Islamofascism is so passé
Do not call them 'jihadists': US clamps down on words of the anti-terror campaign
By MATTHEW LEE
WASHINGTON - Do not call them jihadists any more.
Also, do not call al-Qaida a movement.
The Bush administration has launched a new front in the campaign against terrorism, this time targeting language.
Federal agencies, including the State Department, the Homeland Security Department and the National Counterterrorism Center, are telling their people not to describe Islamic extremists as "jihadists" or "mujahedeen," according to documents obtained by The Associated Press. Such verbiage as "Islamo-fascism" is out, too.
The reason: Such words may actually boost support for radicals among Arab and Muslim audiences by giving them a veneer of religious credibility or by causing offense to moderates.
For example, while Americans may understand "jihad" to mean "holy war," it is in fact a broader Islamic concept of the struggle to do good, says the guidance prepared for diplomats and other officials tasked with explaining the anti-terror campaign to the public. Similarly, "mujahedeen," which means those engaged in jihad, must be seen in its broader context.
U.S. officials may be "unintentionally portraying terrorists, who lack moral and religious legitimacy, as brave fighters, legitimate soldiers or spokesmen for ordinary Muslims," says a Homeland Security report. It is titled "Terminology to Define the Terrorists: Recommendations from American Muslims."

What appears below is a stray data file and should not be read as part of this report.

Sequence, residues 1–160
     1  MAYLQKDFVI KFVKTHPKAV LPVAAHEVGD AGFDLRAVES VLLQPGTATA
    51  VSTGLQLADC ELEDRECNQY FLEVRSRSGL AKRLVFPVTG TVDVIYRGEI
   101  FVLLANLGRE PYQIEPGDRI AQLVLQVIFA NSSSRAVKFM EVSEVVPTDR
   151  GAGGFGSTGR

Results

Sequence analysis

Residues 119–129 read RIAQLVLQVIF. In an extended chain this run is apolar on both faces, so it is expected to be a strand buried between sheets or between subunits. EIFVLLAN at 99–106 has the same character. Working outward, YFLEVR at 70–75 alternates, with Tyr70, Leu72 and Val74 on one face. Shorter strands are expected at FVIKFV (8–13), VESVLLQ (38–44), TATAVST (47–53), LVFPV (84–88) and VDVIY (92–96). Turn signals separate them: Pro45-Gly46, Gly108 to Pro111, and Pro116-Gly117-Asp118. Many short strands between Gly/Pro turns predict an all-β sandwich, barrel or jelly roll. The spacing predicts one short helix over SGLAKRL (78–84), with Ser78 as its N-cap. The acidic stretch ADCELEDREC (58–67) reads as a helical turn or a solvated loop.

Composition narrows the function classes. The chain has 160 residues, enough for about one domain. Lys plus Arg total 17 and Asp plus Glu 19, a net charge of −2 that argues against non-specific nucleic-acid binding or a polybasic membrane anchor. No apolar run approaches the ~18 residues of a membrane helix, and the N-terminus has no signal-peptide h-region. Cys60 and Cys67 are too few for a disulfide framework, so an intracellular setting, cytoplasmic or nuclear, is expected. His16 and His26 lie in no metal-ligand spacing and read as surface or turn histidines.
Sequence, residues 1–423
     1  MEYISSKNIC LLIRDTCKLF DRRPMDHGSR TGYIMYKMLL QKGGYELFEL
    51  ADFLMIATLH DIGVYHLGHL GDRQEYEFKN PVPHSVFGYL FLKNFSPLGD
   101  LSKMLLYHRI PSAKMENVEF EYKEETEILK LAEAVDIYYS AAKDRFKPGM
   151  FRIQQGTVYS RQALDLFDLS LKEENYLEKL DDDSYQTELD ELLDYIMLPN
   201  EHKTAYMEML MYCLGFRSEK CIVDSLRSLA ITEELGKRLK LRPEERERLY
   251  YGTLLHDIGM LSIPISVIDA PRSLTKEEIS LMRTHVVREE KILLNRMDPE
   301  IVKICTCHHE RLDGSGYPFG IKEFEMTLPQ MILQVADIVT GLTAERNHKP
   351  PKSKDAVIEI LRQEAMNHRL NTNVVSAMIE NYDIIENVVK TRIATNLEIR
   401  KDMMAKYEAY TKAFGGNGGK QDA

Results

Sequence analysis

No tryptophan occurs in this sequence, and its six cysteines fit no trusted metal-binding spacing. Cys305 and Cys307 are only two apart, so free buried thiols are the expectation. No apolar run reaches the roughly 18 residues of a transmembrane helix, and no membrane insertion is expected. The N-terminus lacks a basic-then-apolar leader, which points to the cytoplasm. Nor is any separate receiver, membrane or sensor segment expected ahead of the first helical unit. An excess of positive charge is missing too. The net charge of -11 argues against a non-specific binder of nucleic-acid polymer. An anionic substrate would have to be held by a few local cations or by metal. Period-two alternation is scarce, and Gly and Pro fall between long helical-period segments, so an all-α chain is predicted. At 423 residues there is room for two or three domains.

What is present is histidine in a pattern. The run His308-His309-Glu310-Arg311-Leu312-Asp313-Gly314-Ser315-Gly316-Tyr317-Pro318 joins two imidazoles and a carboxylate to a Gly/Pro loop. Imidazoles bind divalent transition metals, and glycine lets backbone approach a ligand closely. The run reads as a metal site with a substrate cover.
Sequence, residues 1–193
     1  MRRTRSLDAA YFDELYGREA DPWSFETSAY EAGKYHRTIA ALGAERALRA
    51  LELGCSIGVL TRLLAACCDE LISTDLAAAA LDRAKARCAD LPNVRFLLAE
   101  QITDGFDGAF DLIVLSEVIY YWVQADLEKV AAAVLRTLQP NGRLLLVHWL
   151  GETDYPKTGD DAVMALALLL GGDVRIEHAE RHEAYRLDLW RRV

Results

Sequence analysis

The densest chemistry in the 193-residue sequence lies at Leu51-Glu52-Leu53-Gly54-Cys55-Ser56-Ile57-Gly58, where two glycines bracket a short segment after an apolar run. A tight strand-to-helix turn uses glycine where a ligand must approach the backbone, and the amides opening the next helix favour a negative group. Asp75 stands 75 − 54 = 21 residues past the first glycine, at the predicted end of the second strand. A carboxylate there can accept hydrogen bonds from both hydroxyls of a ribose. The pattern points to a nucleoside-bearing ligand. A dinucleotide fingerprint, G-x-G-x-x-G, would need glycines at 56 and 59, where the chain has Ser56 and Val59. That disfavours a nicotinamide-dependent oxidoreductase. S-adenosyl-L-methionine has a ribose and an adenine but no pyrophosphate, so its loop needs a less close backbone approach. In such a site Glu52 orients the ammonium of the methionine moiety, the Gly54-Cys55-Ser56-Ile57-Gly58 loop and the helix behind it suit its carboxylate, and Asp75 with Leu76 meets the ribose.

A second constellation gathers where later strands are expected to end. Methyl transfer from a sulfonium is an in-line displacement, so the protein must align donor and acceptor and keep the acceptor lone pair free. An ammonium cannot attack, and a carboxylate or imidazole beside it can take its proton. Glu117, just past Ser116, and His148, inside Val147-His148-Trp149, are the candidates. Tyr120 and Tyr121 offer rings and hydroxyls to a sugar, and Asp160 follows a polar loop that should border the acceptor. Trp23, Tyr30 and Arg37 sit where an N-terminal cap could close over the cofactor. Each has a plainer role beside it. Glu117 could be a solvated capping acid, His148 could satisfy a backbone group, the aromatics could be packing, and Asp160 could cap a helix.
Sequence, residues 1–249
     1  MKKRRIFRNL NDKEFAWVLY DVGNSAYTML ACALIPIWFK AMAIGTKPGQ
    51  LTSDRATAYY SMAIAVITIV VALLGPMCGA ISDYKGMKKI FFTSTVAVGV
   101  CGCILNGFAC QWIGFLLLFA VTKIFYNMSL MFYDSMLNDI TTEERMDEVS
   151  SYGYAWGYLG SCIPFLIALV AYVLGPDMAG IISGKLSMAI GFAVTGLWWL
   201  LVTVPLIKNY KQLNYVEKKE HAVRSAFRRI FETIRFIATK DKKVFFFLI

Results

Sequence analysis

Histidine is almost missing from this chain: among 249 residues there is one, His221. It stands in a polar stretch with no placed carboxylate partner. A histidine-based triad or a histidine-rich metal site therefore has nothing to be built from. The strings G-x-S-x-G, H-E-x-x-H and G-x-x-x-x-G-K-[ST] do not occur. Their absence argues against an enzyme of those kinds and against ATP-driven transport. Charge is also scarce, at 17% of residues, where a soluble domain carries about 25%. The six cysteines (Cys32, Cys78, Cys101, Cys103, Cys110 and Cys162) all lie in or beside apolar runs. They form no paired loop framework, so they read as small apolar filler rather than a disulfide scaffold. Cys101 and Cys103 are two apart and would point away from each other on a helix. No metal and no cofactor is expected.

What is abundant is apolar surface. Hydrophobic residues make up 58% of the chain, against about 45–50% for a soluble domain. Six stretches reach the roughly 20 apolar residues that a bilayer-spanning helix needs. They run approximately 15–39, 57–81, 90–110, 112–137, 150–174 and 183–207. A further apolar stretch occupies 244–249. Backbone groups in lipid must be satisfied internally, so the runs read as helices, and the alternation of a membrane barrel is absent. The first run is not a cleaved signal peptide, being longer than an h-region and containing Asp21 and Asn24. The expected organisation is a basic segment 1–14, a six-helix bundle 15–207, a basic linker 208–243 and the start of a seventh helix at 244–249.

"Regarding `jihad,' even if it is accurate to reference the term, it may not be strategic because it glamorizes terrorism, imbues terrorists with religious authority they do not have and damages relations with Muslims around the world," the report says.
Language is critical in fighting terror, says another document, an internal "official use only" memorandum circulating through Washington titled "Words that Work and Words that Don't: A Guide for Counterterrorism Communication."
The memo, originally prepared in March by the Extremist Messaging Branch at the National Counterterrorism Center, was approved for diplomatic use this week by the State Department, which plans to distribute a version to all U.S. embassies, officials said.
"It's not what you say,but what they hear," the memo says in bold italic lettering, listing 14 points about how better to present the anti-terror campaign.
"Don't take the bait," it says, urging officials not to react when Osama bin Laden or al-Qaida affiliates speak. "We should offer only minimal, if any, response to their messages. When we respond loudly, we raise their prestige in the Muslim world."
"Don't compromise our credibility" by using words and phrases that may ascribe benign motives to terrorists.
Some other specifics: